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Anticoagulant Bridge Comparison in Mechanical Circulatory Support Patients

Cosgrove, Richard H.*; Basken, Robyn L.*; Smith, Richard G.; Hsu, Chiu-Hsieh; Kazui, Toshinobu§; Martinez, Brandon K.*; Burt, Richard W.§; Crawford, Eric S.§; Lick, Scott D.§; Khalpey, Zain§

doi: 10.1097/MAT.0000000000000747
Adult Circulatory Support
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Maintaining mechanical circulatory support (MCS) device patients in a specified therapeutic range for anticoagulation remains challenging. Subtherapeutic international normalized ratios (INRs) occur frequently while on warfarin therapy. An effective anticoagulant bridge strategy may improve the care of these patients. This retrospective review of MCS patients with subtherapeutic INRs compared an intravenous unfractionated heparin (UFH) strategy with a subcutaneous enoxaparin or fondaparinux strategy. Native thromboelastography (n-TEG) was used to evaluate anticoagulant effect with coagulation index (CI) as the primary outcome measure. Enoxaparin 0.5 mg/kg subcutaneously (SC) every 12 hours or fondaparinux 2.5–5 mg SC daily were compared with an initial UFH rate of 5 units/kg/hr and titrated to stated n-TEG goal range. The anticoagulant groups UFH, enoxaparin, and fondaparinux were found to be statistically similar with regard to frequency in n-TEG goal range, above range (hypercoagulability), or below range (hypocoagulability). Clinical outcomes were similar among groups with three gastrointestinal bleeds in UFH, one in enoxaparin, and one in fondaparinux groups. Device thrombosis occurred in one UFH patient, while UFH and fondaparinux groups had one ischemic cerebrovascular accident event each. These strategies provided comparable n-TEG results and clinical outcomes when compared with intravenous UFH. Low-dose enoxaparin or fondaparinux may provide an alternative anticoagulant bridging option in MCS patients presenting with subtherapeutic INR.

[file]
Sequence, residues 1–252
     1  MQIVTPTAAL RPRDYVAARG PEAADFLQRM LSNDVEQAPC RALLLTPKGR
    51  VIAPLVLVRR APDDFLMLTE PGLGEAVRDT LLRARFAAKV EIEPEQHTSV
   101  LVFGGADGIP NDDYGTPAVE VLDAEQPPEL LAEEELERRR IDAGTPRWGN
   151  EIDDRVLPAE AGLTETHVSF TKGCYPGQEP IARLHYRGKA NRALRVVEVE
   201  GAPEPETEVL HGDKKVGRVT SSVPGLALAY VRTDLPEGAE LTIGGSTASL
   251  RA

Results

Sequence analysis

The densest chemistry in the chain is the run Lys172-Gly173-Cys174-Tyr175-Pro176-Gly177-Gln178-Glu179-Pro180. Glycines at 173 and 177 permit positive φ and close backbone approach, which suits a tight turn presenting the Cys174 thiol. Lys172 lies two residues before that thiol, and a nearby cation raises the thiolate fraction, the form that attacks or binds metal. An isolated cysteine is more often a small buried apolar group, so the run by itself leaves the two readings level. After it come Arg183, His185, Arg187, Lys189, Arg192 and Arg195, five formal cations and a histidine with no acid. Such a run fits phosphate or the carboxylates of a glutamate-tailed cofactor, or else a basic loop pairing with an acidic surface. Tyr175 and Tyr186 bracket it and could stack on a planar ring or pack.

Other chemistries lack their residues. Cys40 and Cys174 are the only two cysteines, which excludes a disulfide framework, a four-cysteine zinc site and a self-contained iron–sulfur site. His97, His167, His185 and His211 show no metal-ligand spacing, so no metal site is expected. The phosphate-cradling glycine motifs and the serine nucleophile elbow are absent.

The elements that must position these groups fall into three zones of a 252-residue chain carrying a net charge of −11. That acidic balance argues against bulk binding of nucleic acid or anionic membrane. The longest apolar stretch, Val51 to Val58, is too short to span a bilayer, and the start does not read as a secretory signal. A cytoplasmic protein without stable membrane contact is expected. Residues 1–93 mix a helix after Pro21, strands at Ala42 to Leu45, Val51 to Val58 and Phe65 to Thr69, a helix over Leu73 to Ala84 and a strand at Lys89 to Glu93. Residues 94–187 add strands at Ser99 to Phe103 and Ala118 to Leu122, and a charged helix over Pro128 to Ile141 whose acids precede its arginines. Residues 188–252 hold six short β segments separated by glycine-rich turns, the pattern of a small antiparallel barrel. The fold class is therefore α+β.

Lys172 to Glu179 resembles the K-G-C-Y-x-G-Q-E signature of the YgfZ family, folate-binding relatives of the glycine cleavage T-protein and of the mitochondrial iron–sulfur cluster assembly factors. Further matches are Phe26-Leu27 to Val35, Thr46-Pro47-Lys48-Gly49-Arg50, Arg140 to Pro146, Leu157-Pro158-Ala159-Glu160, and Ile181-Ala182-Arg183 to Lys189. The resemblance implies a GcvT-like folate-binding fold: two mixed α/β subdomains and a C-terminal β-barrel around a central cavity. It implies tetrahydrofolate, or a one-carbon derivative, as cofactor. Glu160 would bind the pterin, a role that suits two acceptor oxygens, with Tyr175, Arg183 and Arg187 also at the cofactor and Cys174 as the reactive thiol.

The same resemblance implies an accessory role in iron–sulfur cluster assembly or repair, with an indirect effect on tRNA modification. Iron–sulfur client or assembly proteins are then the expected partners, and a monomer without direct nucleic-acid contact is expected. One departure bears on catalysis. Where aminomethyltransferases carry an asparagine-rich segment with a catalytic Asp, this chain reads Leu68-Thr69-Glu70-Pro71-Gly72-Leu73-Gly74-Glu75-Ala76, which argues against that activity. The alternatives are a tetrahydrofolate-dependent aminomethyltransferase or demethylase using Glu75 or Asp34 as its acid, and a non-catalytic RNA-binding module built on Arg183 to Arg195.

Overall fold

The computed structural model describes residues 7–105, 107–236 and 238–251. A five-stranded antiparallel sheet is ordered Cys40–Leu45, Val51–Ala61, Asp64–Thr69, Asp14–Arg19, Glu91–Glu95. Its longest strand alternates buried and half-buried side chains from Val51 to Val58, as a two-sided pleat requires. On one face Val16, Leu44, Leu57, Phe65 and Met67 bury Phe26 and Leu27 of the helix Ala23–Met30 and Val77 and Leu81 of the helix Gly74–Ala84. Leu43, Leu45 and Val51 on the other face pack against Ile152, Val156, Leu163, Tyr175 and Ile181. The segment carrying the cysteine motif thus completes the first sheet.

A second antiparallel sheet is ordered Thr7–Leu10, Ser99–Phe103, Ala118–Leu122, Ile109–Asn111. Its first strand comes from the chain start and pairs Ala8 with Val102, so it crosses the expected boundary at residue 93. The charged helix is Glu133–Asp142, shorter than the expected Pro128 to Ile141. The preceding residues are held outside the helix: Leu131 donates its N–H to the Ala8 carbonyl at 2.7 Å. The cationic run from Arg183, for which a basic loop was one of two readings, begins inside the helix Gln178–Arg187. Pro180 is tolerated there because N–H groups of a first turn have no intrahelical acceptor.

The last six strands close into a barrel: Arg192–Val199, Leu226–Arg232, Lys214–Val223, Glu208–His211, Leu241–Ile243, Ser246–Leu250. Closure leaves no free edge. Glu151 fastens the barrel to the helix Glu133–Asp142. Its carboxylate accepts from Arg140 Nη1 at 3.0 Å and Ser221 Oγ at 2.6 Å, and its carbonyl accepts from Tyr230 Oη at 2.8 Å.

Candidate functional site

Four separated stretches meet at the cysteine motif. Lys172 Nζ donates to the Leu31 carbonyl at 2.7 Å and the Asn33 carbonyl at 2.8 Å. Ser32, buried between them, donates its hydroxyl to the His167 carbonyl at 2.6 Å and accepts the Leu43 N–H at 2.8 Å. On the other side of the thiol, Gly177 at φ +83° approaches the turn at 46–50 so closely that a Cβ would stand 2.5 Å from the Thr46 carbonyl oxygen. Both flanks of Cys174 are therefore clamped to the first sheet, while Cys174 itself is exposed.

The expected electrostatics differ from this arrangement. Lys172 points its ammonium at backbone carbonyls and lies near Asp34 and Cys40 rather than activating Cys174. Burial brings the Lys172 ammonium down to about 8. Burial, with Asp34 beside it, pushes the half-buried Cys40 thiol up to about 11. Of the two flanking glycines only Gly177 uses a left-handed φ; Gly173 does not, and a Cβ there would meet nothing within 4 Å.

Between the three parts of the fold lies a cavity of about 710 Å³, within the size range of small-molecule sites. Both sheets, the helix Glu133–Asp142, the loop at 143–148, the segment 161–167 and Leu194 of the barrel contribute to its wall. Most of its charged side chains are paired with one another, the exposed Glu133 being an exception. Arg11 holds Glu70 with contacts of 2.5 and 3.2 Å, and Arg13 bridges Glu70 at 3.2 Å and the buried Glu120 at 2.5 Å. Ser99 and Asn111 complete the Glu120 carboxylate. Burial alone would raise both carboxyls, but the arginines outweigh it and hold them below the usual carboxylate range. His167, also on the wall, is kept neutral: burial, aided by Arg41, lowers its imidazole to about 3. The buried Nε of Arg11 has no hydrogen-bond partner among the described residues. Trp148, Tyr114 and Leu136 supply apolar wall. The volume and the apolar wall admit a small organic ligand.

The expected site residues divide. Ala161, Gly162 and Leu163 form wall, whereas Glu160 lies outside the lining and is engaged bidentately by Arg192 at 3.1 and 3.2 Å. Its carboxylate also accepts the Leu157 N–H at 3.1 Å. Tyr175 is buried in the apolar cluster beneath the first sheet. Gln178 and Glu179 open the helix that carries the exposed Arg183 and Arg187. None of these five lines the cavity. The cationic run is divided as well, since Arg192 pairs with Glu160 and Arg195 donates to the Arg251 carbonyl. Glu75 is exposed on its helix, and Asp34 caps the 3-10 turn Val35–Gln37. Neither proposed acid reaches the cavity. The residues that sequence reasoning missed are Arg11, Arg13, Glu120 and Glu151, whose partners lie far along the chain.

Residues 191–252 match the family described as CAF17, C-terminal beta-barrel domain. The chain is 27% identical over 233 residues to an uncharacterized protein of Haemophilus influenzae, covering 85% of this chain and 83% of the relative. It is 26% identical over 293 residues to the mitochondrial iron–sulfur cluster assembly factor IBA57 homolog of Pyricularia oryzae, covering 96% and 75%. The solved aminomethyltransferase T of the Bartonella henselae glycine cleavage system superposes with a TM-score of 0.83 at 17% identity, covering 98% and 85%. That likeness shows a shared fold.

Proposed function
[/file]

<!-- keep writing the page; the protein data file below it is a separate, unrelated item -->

From the *Department of Pharmacy, Banner University Medical Center Tucson, Tucson, Arizona

Artificial Heart Department, Banner University Medical Center Tucson, Tucson, Arizona

Department of Epidemiology and biostatistics, University of Arizona, Tucson, Arizona

§Division of Cardiothoracic Surgery, Department of Surgery, University of Arizona, Tucson, Arizona.

Submitted for consideration May 2017; accepted for publication in revised form December 2017.

Disclosure: The authors have no conflicts of interest to report.

Correspondence: Richard H. Cosgrove, Department of Pharmacy, Banner University Medical Center Tucson, 1501 North Campbell Avenue, Tucson, AZ 85724. Email: Richard.Cosgrove@bannerhealth.com.

Copyright © 2019 by the American Society for Artificial Internal Organs